The situation on the battle-front in southeastern Ukraine remains static, for now, with both sides probing for weak points in the opponent's lines. ETV news show "Aktuaalne kaamera" (AK) visited the section of the Donbas front near to Horlivka, Donetsk Oblast.
ERR correspondent Anton Aleksejev and camera operator Kristjan Svirgsden deliver regular reportages from the ground in Ukraine.
A Ukrainian company commander, call sign "Volt", shows the pair around positions, near to New York,* and Horlivka, around 40km South of Bakhmut, one of the most hotly fought-over cities in the war so far.
While this section of the front is not as fraught as Bakhmut, still nightly artillery shelling is common, Volt, an artilleryman himself, tells ERR.
"A couple of days ago [shells] fell here. Sometimes we give hell to the orcs, sometimes they do so for us. So it's still raining down here," Volt said.
Orcs is a disparaging term used, also in the wider world, to refer to rank-and-file Russian soldiers.
Russian soldiers are close by, too – less than a kilometer away.
"A week ago there were battles here, an active exchange of fire. The artillery dueled with each other," Volt went on.
Thursday proved to be relatively calm during the day but, the Ukrainians say, this changes dramatically with nightfall.
"It gets calmer when the orcs head from here to fight in Bakhmut or Marjinka (the latter around 70km to the southwest-ed.). We're trying to keep them tied down here, but in the meantime, they're going on offensives there," Volt went on.
Bakhmut remains one of the hot zones in the current war.
"We arrived at this position two months ago; before that we were in Bakhmut. Our 24th Brigade is still there, and the boys are fighting. There are running battles going on in the urban area. There it is total hell, and by comparison, it is paradise here. A lot of my guys don't understand that yet because they haven't been through that kind of baptism of fire. But those who have fought there, understand it perfectly well," he went on.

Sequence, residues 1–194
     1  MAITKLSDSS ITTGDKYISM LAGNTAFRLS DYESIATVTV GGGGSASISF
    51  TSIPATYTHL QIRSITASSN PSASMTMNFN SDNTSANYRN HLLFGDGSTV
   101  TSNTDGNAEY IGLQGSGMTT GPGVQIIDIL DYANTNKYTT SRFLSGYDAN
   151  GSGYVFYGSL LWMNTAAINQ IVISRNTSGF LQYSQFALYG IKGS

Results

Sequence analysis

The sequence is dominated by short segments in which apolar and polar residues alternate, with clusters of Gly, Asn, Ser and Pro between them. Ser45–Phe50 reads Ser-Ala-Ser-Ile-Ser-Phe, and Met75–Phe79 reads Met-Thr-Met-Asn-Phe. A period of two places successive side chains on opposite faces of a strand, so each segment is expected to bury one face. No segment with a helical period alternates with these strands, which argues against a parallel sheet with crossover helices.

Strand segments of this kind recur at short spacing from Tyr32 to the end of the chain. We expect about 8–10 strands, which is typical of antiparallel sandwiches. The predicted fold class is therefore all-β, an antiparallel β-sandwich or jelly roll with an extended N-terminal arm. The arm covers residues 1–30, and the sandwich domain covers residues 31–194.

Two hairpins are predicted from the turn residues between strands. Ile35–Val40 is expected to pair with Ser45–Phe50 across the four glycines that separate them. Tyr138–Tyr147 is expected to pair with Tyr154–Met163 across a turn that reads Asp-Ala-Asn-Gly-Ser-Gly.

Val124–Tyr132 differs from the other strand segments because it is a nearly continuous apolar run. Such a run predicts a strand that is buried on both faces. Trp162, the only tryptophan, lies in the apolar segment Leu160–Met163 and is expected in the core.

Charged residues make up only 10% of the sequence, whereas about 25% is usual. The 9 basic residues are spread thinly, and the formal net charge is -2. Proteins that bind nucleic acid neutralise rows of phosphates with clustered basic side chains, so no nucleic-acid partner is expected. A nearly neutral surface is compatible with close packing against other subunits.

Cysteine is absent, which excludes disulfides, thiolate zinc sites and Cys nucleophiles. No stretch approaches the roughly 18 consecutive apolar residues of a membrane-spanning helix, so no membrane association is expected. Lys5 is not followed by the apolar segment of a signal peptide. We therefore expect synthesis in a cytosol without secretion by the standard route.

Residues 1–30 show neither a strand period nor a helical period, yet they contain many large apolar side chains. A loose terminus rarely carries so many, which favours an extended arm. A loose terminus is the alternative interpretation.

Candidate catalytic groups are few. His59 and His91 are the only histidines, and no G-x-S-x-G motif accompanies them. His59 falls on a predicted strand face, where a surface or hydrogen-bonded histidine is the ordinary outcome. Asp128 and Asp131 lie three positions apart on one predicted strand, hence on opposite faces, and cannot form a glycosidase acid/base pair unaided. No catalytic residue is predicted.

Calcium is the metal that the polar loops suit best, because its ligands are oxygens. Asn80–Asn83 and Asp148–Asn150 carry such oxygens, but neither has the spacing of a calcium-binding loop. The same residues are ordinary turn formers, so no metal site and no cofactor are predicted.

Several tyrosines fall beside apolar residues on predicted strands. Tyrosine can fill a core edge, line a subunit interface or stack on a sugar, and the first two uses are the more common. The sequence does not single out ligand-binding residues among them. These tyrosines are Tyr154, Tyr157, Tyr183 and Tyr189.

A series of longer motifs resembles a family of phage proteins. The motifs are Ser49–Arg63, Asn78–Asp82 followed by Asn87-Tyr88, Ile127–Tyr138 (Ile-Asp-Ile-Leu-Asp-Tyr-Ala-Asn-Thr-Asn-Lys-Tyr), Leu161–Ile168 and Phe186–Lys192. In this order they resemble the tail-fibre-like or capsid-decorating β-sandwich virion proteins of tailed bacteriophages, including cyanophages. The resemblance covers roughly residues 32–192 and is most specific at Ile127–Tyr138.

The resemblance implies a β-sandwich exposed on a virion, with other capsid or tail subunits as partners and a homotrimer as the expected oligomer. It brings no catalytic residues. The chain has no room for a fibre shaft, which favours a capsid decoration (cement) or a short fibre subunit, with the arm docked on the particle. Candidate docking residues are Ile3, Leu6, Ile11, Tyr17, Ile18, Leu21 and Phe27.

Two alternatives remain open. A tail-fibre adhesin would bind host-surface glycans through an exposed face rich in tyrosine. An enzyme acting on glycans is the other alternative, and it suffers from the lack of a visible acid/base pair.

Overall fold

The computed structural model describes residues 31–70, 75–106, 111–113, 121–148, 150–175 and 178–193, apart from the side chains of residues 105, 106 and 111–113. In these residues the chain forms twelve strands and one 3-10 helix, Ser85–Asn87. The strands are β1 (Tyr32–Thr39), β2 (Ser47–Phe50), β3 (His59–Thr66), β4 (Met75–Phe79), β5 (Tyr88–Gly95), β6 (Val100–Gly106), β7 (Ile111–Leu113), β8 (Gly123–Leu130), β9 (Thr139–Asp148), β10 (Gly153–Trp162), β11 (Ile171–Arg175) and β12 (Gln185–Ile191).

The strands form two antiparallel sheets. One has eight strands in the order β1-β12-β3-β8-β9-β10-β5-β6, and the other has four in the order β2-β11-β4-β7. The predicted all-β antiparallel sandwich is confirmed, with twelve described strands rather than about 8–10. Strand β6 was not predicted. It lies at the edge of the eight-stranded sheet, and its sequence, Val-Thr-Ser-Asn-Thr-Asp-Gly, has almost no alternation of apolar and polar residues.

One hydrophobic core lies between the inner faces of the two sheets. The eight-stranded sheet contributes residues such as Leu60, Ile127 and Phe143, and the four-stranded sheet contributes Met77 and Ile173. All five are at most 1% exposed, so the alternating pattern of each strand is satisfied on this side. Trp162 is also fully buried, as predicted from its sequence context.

Ukrainian forces are holding their positions in the area right now, but soon, they are likely to go on the offensive, as part of the long-awaited spring assault.
"We're not tired. We want to win and rest we can after the war," another soldier, an officer, call-sign MacKenna, says.
"However, as far as the counter-offensive is concerned, it is up to command to decide. We are ready for it. If command gives order, then we will start working, immediately," MacKenna goes on.
Another reportage from the front delivered earlier in the week by Aleksejev and Svirgsden is here.
One aspect which gives planners a headache in relation to a spring offensive relates to the forces of nature, more specifically the weather. While the ground in winter can be passable, particularly for heavy equipment, inasmuch as it is frozen solid, the spring thaw brings a huge amount of mud and boggy ground.
The mud even has a specific name in Russian, Rasputitsa (referring primarily to the season itself), and its effects were widely disseminated in the international media in the early phases of the war, last spring, with images of beleaguered Russian tanks being towed away by tractor, or even getting completely submerged, commonly appearing online.
While Rasputitsa played a major role in the disaster of Russia's initial offensives, it can work the other way, too, and may also be a factor in the need to wait for the right time to launch the counter-offensive.
*Also Niu-York, population around 9,700. The etymology of the place name and whether, not to mention why, it derives from the more well-known U.S. megalopolis, or from "old" York, in England, or possibly Jork, Germany, is a subject of debate, but it was with the largest of these cities in mind that the Ukrainian town was officially so-named, in 2021. one well-known Russian woman indoor propagandist has "threatened" to rename it to Novogorodskoye were it ever to be occupied.
Editor: Andrew Whyte, Merili Nael
Source: 'Aktuaalne kaamera'